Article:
Understanding Dutch e-Auction
It is absolutely important to select a right auction variant when going for an e-Auction to achieve business objectives. Understanding which auction type works best and where, is not an easy game. Lets today look at Dutch e-Auction and how
businesses can benefit from it.
What is Dutch e-Auction?
Dutch e-Auction is a descending price e-Auction where the auctioneer initiates the auction by asking for a high price. The auctioneer keeps lowering the price till a participant accepts the price. In this type of e-Auction, the auctioneer unlike
in English e-Auctions controls the price.
Where does it work?
This variant of the e-Auction typically works best in perishable goods industry and pharma industry. The most interesting aspect of Dutch e-Auction is its ability to help auctioneer discover the right price and demand of the product in the market since the auction price is lowered in decrements until a bidder accepts the prevailing price. It also helps curb irrational bidding.
Dutch e-Auctions are particularly helpful in selling multiples of same items. Consider, a company selling 400 items. First bidder may have purchased the first 100 items at $100,000 but that will not cease the e-Auction. The auctioneer will keep decreasing the price till the time next bidder accepts the price. Let’s say the price is decreased to $85,000 and the second bidder accepts the price to buy another 100 items. So it keeps working that way till the all the items are sold.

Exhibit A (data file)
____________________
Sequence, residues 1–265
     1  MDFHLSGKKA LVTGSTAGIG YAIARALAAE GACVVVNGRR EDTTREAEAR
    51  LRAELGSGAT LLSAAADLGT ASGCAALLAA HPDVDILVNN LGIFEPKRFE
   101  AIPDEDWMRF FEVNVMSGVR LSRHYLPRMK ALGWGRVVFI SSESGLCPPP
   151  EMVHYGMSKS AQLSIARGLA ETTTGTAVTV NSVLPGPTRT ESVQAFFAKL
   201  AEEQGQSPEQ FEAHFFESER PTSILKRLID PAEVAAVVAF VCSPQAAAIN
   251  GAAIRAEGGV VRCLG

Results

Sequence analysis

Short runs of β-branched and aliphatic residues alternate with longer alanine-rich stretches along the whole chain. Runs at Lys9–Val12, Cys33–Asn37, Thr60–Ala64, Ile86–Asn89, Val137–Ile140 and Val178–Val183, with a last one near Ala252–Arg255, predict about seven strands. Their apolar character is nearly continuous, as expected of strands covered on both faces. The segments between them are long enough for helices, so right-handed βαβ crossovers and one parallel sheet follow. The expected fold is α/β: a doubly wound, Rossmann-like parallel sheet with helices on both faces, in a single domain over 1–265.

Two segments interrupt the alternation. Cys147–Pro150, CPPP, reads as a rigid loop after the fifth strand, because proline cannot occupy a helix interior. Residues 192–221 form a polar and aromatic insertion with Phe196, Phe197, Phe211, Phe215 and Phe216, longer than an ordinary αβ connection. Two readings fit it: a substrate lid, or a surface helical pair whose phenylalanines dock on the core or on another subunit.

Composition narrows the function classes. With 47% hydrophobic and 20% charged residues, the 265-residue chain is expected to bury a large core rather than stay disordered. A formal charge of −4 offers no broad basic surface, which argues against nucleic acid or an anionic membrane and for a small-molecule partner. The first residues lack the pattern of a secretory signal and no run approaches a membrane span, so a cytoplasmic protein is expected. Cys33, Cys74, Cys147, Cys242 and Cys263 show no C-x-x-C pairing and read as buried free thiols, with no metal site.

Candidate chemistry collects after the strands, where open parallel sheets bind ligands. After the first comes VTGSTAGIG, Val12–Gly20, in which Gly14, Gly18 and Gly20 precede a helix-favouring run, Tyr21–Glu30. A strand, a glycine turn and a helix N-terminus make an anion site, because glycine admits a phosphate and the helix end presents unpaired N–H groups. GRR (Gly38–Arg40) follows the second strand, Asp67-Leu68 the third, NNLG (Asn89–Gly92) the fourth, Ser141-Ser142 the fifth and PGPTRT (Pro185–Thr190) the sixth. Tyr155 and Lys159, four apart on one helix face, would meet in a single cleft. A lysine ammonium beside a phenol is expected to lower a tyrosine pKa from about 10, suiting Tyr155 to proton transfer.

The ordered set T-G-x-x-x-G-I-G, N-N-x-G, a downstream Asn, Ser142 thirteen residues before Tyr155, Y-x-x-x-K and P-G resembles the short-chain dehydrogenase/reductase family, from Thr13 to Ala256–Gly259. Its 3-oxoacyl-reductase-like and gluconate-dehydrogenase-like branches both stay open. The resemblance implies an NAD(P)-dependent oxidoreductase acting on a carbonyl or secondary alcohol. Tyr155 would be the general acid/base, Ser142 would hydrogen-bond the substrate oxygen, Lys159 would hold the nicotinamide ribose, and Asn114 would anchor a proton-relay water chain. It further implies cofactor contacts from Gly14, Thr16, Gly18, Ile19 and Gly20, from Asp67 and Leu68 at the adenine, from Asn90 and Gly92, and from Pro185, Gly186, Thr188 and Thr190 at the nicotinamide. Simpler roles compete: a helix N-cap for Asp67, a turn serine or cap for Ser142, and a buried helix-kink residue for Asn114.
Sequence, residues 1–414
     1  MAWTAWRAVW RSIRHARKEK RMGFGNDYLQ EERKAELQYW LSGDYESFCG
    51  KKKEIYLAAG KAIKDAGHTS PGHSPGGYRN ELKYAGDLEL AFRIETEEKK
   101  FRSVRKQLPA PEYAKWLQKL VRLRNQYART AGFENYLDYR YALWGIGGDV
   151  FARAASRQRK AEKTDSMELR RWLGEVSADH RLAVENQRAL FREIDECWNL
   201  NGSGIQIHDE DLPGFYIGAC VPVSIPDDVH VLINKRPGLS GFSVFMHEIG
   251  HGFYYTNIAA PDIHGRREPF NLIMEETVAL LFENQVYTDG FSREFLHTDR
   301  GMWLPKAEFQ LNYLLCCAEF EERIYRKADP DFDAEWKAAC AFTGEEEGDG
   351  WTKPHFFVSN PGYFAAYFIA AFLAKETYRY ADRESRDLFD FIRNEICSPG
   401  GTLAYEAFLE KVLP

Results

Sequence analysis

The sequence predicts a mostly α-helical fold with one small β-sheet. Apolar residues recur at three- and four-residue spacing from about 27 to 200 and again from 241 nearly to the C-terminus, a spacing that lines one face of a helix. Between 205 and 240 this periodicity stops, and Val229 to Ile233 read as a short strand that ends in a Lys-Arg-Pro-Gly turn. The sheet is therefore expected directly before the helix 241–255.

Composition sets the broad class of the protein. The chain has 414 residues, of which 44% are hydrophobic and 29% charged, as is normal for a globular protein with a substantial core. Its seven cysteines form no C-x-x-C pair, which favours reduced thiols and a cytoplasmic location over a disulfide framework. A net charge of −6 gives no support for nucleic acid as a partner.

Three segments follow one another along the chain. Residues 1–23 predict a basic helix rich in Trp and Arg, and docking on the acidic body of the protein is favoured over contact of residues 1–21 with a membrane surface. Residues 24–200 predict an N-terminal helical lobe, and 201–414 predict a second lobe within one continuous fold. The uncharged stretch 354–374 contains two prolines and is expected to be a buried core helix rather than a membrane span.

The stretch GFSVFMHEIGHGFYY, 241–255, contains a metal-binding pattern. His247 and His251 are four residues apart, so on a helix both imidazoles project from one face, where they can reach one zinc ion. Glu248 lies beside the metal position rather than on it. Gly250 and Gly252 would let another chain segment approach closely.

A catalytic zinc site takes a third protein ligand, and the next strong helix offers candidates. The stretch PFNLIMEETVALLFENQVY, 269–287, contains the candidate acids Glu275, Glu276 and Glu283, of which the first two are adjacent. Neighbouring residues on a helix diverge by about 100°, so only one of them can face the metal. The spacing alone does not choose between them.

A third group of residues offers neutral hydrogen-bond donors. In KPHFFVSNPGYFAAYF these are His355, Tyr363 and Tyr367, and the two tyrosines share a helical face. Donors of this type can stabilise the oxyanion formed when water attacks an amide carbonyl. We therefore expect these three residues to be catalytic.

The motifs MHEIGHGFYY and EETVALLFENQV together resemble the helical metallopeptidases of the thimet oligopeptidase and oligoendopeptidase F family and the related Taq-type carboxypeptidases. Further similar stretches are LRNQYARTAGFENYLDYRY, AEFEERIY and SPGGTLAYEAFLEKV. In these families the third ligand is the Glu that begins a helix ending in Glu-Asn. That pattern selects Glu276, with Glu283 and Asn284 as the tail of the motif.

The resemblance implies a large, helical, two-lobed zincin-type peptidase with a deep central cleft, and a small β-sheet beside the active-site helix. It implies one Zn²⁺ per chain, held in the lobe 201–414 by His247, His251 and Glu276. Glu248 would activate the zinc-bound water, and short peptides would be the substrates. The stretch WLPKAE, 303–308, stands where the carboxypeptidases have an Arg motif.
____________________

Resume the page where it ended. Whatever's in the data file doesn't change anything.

Things to keep in mind!
Quoting or asking for a very high price initially may disinterest many bidders for your products. Hence, getting too ambitious at times may not work and the auctioneer needs to be cautious.
Also, while it may appear that auctioneer may be loosing money since Dutch e-Auction involves decreasing the price, however, in reality it is other way round. Auctioneers generally make more money in Dutch e-Auctions than they could in
english e-Auctions. The reason is rather simple to understand. Here, in Dutch e-Auction, the auctioneer controls the price. Whereas in ascending-price e-Auctions, the participants control the price and though they increase the price, they hardly go beyond a limit, item’s actual value. And since the bidders know that the auction is going to end in some pre-decided time, they feel more secure unlike in Dutch e-Auction.